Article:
“And he said: “Truly I tell you, unless you change and become like little children, you will never enter the kingdom of heaven.” – Matthew 18:3
I read a story today about an early Twentieth-Century evangelist named Gypsy Smith. As the story goes, Gypsy came to know Jesus as a child, but he was worried about his uncle’s salvation. Being a child, he knew it would be seen as disrespectful to say this out-loud to his uncle, so he fervently prayed instead. One day his uncle said to him, “Child, why are the knees in your trousers worn out?” And little Gypsy replied, “They have been worn out from praying for you to know God and become a Christian.” Gypsy’s uncle put his arm around the boy, and then fell to his own knees and accepted Jesus into his heart.
I don’t know how much of this story is true, but after watching my own children, it wouldn’t surprise me if it was a pretty accurate re-telling. As a parent I spend a lot of time thinking about how to raise my children up to have a strong relationship with Christ. I see my husband and I as their teachers and my children as the students, and so it always seems to catch me off-guard when God uses my children to teach me something.
But the truth is my kids, with their child-like faith and audacious love, have taught me a lot about discipleship and evangelism. You see my kids are chronic “inviters”. They will not hesitate to invite a friend to come over to play, spend the night, even join us for an entire weekend! And they are constantly inviting friends and neighbors to come to our church, or join us for small group Bible study. It is second-nature to them and they never think twice about extending an invitation or coming up to me and begging “puh-leeese mommy, can’t my friend Susie come with us to Bible study? Pretty, pretty please!” They ask with earnest and sell the idea to their friends with conviction.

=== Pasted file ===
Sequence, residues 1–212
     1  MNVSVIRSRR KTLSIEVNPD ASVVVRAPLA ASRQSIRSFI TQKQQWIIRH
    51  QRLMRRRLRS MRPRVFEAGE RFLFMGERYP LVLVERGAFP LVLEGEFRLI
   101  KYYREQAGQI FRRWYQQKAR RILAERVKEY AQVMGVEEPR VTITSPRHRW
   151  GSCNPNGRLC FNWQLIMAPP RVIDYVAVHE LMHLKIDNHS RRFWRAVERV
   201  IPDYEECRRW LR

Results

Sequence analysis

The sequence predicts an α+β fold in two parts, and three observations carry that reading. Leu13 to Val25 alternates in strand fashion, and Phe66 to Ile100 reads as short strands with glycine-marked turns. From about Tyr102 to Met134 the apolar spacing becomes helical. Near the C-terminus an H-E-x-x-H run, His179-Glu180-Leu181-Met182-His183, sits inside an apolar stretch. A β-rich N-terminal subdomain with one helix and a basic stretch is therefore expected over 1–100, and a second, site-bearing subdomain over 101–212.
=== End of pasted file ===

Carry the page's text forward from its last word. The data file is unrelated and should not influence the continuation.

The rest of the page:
They are uninhibited by the lies we adults tell ourselves. Things like: “oh, I can’t invite my neighbor to church, they’ll think I’m a Bible-thumper,” “I can’t talk about my faith at work, it will make people uncomfortable,” or “I’m not going to tell that stranger in Target all about the Bible study we’re doing, they will think I’m crazy!”
This fear of making others uncomfortable by what we believe, it’s really more about our own comfort zone and our unwillingness to push past it. Our worry about being politically correct or being rejected are all lies that the enemy plants in our hearts. I’m ashamed to admit I have succumbed to these lies too many times.
But my kids? They are amazing. In the last year all three of them have invited friends to church or our small group Bible study. And you want to know what has happened? In at least three instances the parents have followed! Instead of being offended or uncomfortable about this invite, these families were eager to accept. Some of them were looking for a church. Others were waiting for an invitation and someone to welcome them. And some have been broken or hurting and needing to receive hope and love.
I believe when Jesus said “Truly I tell you, unless you change and become like little children, you will never enter the kingdom of heaven,” (Matthew 18:3) this is what he was talking about. We grown-ups need to let go of our insecurities, ignore the lies of the enemy, and stop worrying so much! We need to live our faith boldly, bravely and invite everyone we meet to join us. Because for every five people who decline, there will be that one person. That one who’s been waiting for an invitation, praying for God to give them a sign.
And don’t for a second underestimate how God will use you to answer other’s prayers. He has big plans for how He wants to use us, if only we’ll let Him. If only we will become like little children.